Alright, here's the plan....

If you have somehow managed to miss my nearly constant references, am currently gearing up to write my first full length novel. I have erected several tent posts in my mind that I believe will unleash my inner savantitude (yep, I did just make that word up, but it's what I do, make stuff up).

I had decided to keep alot of this stuff to myself, mainly because I either did not know how effective these ideas would be, or if people would look at me more strangely than they already do (seriously, cut it out. I can see you through your webcam).

I then realized that it doesn't matter if these things work. I might as well be honest, I'm still finding my way as a writer, and still experimenting with my process. The way I outline (currently I write out a list of events in the story in the form of a bullet-list and write above it, deleting events or changing the color of the text as I check them off), where I find my inspiration (this one changes all the time, and I will get to it in a second), and also when I make time to write (anyone that checks the times on my blog updates can answer this one) are all possibly informative to someone else.

Not because I am some writing god that has ideas that are that much better than anyone else's, but because I want to contribute whatever I can to the writing community. Some people have the expertise to pen full length, incredibly informative works (I am currently reading Confessions of a Freelance Penmokey), and some write blog posts or software that helps the beginning writer (Yes, Erin, you and your husbands post regarding createspace).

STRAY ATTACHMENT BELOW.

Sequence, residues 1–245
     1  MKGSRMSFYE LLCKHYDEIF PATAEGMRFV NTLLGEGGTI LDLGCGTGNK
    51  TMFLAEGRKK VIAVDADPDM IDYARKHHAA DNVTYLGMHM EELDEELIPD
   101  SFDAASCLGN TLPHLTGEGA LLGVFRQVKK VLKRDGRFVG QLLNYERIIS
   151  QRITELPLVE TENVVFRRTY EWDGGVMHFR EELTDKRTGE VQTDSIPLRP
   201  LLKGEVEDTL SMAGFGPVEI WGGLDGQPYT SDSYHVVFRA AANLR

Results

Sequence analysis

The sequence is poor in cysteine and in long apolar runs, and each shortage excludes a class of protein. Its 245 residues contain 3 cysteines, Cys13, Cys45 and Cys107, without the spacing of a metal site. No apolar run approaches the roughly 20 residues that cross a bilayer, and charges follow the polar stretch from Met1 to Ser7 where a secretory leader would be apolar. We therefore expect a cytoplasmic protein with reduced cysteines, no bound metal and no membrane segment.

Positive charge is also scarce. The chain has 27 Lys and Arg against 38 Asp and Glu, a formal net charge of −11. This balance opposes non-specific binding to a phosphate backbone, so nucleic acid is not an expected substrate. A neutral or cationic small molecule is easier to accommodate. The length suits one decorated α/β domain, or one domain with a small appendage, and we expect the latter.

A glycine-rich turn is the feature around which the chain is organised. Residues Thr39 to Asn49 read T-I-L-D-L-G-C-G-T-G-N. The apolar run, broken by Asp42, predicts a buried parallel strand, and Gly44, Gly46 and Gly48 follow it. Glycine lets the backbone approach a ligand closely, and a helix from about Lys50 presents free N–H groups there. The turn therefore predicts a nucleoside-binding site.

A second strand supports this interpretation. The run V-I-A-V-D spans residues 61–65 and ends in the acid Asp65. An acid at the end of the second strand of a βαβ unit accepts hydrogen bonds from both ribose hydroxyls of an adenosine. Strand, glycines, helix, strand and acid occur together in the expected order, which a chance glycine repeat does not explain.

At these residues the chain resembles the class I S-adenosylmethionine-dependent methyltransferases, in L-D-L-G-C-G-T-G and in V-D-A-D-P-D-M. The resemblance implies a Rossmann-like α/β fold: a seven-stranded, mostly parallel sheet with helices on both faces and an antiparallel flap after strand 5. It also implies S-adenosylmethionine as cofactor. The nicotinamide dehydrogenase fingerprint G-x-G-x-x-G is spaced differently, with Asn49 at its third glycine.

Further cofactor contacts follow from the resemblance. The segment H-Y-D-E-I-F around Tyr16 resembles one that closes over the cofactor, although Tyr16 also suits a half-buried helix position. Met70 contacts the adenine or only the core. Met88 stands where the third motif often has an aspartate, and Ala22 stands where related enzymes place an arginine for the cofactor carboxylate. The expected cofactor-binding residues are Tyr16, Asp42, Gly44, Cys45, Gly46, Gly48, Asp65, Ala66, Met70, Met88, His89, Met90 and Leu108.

I am none of that. I AM a beginning writer. No one trusts a bald barber, and no one wants to get writing advise from someone whose only self-published two short ebooks (so far ;-)).

So what can I contribute? I can contribute my honesty regarding my own limitations, my failures as a writer, the things that didn't work for me, knowledge regarding the things I try to help me along my way, because I like to think of myself as "open source". I have no problem exposing my faults, and anyone that knows me will vouch that I have absolutely NO problem laughing at myself when I screw up.

So I have decided to blog my progress on this novel. I will not be giving daily updates of word counts produced that day, and document every inane thought. Hell, no. I wouldn't do that to you.

My goal is to show my process, and when I have something interesting or potentially helpful to add, I will add it. The updates will undoubtedly come more regularly now, and they will hopefully give you all a break from the ,"Hey, lookie what I wrote/made and put up for sale" stuff I've been posting. Sorry about all that, I was simply devoting everything I had into finishing Judgment Cove.

Now, it's out the door, and I am on to the novel.

As everyone probably knows, it is going to be titled "pre://d.o.mai.n/theSagaof/MilesTorvalds".

It involves computer crime, and I recently came across a non-fiction book that I feel compelled to read before I start writing in earnest. It is called "Ghost in the Wires", and it is the autobiography of Kevin Mitnick. I don't have the space here to explain who he is or what he was able to do, but here's a little help- Wikipedia page for Kevin Mitnick .